Ensemble Post-Processing Using Random Forests

Date: Jan 8 2020 | 1:00 - 2:00pm
Location: National Center for Atmospheric Research, Boulder, Foothills Lab Building 2, Room 1001
Eric Loken, University of Oklahoma

Ensembles are important forecast tools because they provide users with uncertainty information. However, ensembles frequently suffer from systematic biases, forecast displacement errors, under-dispersion, and/or sub-optimal reliability. For some areas of prediction, such as severe weather, even convection-allowing ensembles may not be able to explicitly simulate the field of interest (e.g., severe hail or tornadoes), making skillful probabilistic forecasts more difficult to produce. Machine learning techniques, such as the random forest (RF), can improve ensemble-based forecasts during post-processing by non-linearly relating ensemble forecast variables to observed weather.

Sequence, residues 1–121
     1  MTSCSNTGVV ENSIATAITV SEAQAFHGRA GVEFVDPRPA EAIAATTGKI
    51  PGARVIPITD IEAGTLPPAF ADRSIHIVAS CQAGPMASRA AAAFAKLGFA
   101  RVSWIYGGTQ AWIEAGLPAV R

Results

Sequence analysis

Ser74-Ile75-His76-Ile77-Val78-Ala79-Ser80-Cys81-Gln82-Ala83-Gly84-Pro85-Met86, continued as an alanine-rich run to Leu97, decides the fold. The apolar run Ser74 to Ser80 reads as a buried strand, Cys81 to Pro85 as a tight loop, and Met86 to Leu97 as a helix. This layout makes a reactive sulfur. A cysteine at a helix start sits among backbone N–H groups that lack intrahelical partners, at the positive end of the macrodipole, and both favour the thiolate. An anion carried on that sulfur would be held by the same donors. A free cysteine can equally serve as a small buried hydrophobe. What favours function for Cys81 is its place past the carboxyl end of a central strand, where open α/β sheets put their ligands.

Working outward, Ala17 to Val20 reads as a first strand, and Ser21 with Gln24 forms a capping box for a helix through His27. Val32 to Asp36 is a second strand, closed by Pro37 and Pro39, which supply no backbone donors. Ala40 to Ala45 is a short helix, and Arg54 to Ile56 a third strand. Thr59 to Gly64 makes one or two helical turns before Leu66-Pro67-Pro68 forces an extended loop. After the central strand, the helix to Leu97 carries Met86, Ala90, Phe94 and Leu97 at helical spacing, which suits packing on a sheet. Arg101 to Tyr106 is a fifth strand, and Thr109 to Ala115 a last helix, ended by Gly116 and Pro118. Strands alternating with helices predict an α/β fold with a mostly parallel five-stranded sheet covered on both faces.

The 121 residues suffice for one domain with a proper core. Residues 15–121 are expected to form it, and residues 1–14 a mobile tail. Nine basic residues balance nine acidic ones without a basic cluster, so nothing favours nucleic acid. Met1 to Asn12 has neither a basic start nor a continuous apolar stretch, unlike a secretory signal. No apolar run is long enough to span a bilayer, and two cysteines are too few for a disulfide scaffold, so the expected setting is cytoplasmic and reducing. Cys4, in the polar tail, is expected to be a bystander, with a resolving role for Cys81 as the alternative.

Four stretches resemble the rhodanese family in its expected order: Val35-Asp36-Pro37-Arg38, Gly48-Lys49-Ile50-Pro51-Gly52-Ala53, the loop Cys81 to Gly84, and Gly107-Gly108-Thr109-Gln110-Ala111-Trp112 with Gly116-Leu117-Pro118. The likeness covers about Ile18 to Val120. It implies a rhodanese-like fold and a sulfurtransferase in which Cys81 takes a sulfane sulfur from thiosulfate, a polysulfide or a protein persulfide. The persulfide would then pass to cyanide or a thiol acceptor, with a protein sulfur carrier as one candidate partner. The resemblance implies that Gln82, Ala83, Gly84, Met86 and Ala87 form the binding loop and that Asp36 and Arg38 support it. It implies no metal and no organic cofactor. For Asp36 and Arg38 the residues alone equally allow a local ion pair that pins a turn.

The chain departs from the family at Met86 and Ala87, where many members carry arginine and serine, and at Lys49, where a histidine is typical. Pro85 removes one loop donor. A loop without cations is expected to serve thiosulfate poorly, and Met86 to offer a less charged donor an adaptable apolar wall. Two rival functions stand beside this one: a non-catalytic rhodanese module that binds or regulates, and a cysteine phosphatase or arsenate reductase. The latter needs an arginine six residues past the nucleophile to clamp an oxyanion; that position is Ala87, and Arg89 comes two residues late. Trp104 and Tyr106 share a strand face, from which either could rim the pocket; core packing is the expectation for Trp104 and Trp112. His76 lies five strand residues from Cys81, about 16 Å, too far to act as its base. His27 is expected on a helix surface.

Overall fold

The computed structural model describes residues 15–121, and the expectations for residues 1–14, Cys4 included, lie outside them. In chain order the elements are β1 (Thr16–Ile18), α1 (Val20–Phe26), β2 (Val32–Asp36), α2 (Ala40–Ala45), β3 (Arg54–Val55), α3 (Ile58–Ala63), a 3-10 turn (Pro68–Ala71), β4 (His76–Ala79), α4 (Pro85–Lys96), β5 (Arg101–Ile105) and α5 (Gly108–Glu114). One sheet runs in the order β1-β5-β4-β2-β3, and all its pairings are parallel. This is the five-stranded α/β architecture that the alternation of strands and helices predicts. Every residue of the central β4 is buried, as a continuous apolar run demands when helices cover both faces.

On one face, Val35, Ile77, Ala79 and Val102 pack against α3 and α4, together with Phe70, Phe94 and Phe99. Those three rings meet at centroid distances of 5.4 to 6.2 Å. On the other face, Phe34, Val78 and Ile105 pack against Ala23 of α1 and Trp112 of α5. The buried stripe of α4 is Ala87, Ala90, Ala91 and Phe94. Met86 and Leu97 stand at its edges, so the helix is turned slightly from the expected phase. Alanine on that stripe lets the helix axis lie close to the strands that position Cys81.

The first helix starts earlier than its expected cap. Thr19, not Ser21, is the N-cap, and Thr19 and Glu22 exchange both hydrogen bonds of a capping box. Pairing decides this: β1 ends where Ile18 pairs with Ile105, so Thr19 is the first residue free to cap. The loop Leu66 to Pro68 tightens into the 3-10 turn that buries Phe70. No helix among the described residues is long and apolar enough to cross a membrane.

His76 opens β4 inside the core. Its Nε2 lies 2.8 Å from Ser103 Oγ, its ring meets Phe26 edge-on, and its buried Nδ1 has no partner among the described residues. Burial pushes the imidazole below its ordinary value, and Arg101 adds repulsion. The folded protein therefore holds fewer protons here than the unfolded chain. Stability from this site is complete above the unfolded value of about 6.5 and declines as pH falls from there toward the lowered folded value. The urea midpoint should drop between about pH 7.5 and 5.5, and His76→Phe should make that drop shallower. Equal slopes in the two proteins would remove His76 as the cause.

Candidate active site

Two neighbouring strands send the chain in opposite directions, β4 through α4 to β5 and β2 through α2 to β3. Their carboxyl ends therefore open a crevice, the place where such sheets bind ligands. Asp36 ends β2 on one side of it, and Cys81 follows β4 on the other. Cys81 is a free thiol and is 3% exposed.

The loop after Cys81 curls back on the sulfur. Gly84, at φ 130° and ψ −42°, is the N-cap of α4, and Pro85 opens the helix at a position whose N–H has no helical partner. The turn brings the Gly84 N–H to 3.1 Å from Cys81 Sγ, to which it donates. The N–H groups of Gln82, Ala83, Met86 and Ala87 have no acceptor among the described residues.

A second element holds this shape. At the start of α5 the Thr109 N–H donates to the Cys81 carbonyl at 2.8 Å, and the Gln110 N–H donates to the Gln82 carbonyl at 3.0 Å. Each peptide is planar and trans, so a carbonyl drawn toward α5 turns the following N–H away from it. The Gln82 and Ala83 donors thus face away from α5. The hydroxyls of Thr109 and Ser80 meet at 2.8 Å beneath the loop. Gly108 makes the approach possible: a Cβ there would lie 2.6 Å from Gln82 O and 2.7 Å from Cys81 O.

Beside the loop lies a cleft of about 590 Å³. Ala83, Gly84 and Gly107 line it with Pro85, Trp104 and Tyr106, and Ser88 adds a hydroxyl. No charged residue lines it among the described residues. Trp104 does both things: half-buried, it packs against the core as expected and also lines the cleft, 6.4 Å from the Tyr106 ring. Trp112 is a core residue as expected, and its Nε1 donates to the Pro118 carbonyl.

In this talk, it is demonstrated that a RF can improve next-day (12-36 h) ensemble-derived probabilistic precipitation and severe weather forecasts over the contiguous United States. Unlike previous studies, RFs herein use temporally-aggregated grid-point based ensemble forecasts as predictors. RF forecasts are shown to outperform skillful baselines, such as Gaussian smoothing of raw ensemble probabilities and (for severe weather) updraft helicity-based proxies. Remarkably, RF probabilistic severe weather forecasts derived from Storm Scale Ensemble of Opportunity (SSEO) output also outperform corresponding Storm Prediction Center human forecasts. Overall, results suggest that RFs represent valuable ensemble post-processing tools that enhance forecast reliability and resolution while reducing displacement errors. The RF approach performs best for convection-parameterizing ensembles and more common weather events. It also benefits severe weather forecasts more than precipitation forecasts, presumably since severe weather cannot be explicitly simulated. Promisingly, the RF technique is inexpensive to run in real-time (after training) and requires less than a year of training data to attain a high degree of skill.